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JAKARTA, June 3 (Reuters) - Newmont Mining Corp said it has halted copper concentrate production at its Batu Hijau mine in Indonesia as a deadlock continues over controversial mining rules that have halted concentrate exports since mid-January.
Newmont, which said its storage facilities at the mine were full after the near five-month export halt, said it had delayed standing down its 8,000 employees and contractors ahead of a government meeting this week.
The prospect of widespread job layoffs could add to pressure on the Indonesian government to find a solution to the stand-off, after weaker exports contributed to slower first-quarter economic growth and a swelling trade deficit in April.
Newmont and fellow U.S. miner Freeport McMoRan Copper & Gold Inc account for 97 percent of Indonesia’s copper output. The two firms are still shipping out some refined copper, but have halted exports of copper concentrate after objecting to the imposition of a new escalating tax.
Both firms are expected to hold talks with senior government officials this week in the hope of breaking the hiatus to copper shipments.
Newly appointed chief economics minister, billionaire businessman Chairul Tanjung, has said he will review the mining export rules and hopes exports can resume.
“Newmont Nusa Tenggara (PTNNT) today said that its concentrate storage facilities at Batu Hijau are now full, forcing the operation to halt processing activities and cease production of copper concentrate,” Newmont said in a statement.
It was “waiting for results of a ministerial meeting this week that is intended to clarify the conditions under which copper concentrate exports will be permitted” before sending home employees and contractors.
A mining union official told Reuters production had stopped “since two days ago” and the company had not declared force majeure.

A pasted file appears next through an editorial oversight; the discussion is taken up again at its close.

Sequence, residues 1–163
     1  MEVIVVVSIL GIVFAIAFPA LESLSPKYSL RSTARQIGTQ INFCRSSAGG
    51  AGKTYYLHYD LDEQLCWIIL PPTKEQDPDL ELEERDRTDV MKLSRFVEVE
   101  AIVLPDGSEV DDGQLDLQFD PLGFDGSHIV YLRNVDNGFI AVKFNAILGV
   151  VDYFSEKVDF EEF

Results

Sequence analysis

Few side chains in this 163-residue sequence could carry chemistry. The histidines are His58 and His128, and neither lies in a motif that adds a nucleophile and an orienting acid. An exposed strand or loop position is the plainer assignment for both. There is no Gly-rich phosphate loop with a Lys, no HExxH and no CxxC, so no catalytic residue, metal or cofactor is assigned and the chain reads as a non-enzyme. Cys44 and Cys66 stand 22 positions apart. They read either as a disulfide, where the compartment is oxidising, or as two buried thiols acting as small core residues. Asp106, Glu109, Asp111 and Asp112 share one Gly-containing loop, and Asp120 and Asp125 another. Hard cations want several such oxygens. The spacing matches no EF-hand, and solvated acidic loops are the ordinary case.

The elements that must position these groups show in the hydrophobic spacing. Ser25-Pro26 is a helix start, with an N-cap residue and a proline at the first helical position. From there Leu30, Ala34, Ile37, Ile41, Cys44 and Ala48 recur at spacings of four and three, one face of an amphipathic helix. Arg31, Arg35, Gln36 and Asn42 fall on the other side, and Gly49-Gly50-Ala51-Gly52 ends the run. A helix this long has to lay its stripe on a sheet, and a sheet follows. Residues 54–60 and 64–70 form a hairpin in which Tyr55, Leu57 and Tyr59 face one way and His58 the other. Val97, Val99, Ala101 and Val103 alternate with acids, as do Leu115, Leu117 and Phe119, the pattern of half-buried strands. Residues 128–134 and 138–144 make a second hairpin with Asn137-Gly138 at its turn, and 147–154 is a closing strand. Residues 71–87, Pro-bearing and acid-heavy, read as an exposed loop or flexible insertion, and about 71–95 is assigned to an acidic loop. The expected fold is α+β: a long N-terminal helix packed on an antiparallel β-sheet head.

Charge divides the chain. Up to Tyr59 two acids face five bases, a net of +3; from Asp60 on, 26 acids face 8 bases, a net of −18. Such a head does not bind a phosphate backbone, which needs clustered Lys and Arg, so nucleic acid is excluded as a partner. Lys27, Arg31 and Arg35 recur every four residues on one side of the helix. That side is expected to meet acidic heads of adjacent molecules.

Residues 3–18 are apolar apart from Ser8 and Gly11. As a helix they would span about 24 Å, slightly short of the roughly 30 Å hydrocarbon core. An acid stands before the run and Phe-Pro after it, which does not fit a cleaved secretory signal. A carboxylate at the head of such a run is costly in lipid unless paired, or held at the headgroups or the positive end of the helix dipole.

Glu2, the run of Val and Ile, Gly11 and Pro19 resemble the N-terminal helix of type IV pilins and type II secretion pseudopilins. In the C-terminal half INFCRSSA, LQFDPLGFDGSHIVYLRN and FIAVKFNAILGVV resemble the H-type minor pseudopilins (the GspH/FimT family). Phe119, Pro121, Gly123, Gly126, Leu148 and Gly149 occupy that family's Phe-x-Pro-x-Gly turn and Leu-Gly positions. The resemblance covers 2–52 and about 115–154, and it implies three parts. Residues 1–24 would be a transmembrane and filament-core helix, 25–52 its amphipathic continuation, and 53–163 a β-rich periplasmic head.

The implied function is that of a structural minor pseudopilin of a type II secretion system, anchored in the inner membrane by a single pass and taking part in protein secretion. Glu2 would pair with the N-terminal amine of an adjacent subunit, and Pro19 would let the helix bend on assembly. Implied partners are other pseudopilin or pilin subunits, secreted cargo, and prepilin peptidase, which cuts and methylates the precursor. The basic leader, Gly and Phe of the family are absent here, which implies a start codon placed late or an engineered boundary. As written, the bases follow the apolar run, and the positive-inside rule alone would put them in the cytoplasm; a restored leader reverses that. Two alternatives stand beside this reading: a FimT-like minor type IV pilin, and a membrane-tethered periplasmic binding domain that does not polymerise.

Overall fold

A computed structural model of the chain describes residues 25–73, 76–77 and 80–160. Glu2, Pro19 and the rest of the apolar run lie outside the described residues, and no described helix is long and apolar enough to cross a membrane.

Freeport said earlier this year it had cut production at its Grasberg mine in Papua, Indonesia, the world’s fifth-largest copper mine, by around 60 percent and that a force majeure could be announced if the dispute dragged on.
While Freeport’s CEO is expected to come to Jakarta this week to discuss the deadlock, Newmont’s chief executive had no plans to come to Jakarta at present, PTNNT spokesman Rubi Purnomo said.
No further details were available from Freeport or Newmont about their planned meetings.
Government officials were working to issue a new regulation to resolve the dispute but needed presidential approval, Finance Ministry fiscal policy chief Andin Hadianto told Reuters.
The government has targeted copper concentrate exports of 800,000 tonnes this year, provided the deadlock is resolved this week, a mining ministry official said last week. Of this amount, Newmont is expected to contribute 250,000 tonnes.
Before the new export rules, Newmont forecast copper concentrate output for 2014 at 110,000-125,000 tonnes. (Reporting by Wilda Asmarini, Fergus Jensen, Michael Taylor, Yayat Supriatna and Nina Kusuma; Editing by Richard Pullin)